On a recent morning in Sefikile, in North West Province South Africa, something unusual appeared at the edge of town. As the sun rose, a small cluster of white tents popped up, one canopy at a time. Health care workers and volunteers strode between the temporary structures, unstacking bright blue chairs, setting up banners, and preparing medical supplies.
It was the first day of I-TECH’s Re Mmogo Pholong (Setswana for “Together in Wellness”) community health event, and soon, local residents gathered in the waiting areas, talking easily together. After each visitor was privately registered, many took the opportunity to have a wellness exam and screening, talk with a community health care worker, and be tested for HIV and other sexually transmitted infections (STIs). At the conclusion of their visit, most also met with an onsite nurse.
Re Mmogo Pholong is one part of a wider, community-based I-TECH prevention program, funded through the US Centers for Disease Control and Prevention. The overall goal is to mobilize communities in order to reduce the incidence of HIV, particularly in two priority districts of South Africa. In these areas, which face high HIV burdens, the program will also support health services at local clinics, wellness clubs for people living with HIV, community activities, and additional services. The event in Sefikile, along with another in the town of Ledig, marked a successful launch for the program, which will continue throughout the year. In the first five weeks, Wellness Days are on track to screen over 500 people for HIV, STIs, and other health concerns.
Wires, but No Power
At first view, it’s difficult to pick out much about Sefikile. Tall industrial power lines run parallel to the town. In the morning, the roads are quiet; sunlight reaches across the low houses. In long pens, goats poke through strands of yellow grass, raising their heads to survey the dry terrain.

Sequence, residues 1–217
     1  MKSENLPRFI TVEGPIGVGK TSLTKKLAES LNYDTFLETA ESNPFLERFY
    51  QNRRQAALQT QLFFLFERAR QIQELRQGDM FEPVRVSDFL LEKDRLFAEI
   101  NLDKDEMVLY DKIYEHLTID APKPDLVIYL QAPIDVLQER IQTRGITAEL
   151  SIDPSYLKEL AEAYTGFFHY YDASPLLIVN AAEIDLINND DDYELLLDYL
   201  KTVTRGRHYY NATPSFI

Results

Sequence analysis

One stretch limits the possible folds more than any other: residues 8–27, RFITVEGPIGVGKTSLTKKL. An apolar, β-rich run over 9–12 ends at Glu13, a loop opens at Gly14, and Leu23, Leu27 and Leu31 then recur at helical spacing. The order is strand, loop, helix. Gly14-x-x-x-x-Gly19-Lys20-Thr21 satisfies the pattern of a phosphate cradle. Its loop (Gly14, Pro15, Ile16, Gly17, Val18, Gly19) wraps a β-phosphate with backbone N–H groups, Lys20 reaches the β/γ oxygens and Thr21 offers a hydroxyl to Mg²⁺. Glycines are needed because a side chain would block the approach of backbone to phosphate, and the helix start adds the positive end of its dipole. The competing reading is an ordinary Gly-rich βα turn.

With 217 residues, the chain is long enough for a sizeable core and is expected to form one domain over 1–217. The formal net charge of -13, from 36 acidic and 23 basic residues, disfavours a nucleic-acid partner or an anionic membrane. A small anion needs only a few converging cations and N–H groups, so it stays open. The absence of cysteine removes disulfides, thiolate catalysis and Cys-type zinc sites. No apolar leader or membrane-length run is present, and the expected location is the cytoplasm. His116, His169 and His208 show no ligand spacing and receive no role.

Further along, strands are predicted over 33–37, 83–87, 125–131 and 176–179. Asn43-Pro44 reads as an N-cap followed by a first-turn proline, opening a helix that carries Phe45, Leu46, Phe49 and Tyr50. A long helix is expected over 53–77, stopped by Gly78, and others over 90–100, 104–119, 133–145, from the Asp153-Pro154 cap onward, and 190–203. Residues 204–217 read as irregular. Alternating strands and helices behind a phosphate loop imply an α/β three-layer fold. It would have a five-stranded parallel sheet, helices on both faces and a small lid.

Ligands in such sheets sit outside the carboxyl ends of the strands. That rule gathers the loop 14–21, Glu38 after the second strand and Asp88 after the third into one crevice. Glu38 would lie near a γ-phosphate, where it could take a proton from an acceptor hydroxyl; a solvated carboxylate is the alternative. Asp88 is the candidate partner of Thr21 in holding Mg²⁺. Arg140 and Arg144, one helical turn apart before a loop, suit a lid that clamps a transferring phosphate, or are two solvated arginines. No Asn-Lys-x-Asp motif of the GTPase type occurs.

In fact, Sefikile’s residents face a host of challenges. Although it’s just a few miles from a large mine, Sefikile is an informal settlement, isolated from transportation, employment, and medical services. Despite the power lines, the settlement doesn’t have electricity. And when residents need medical care, they often walk or hitchhike miles to the nearest clinic.
“People have so many challenges that they have to prioritize issues, and health sometimes falls behind,” explains Lebogang Ntswane, Re Mmogo Pholong project coordinator, “–especially when it’s difficult to access services.” She adds that the Re Mmogo Pholong event, together with the other events and services in the program, are designed to help alleviate some of these barriers. For a few days each month, residents can take advantage of free family planning and provision of contraception, hypertension and diabetes management, personalized risk reduction counselling, pregnancy testing, screening for tuberculosis, HIV testing, sexually transmitted infection screening, and onsite treatment. For many visitors, the event is the only access to health services they can manage.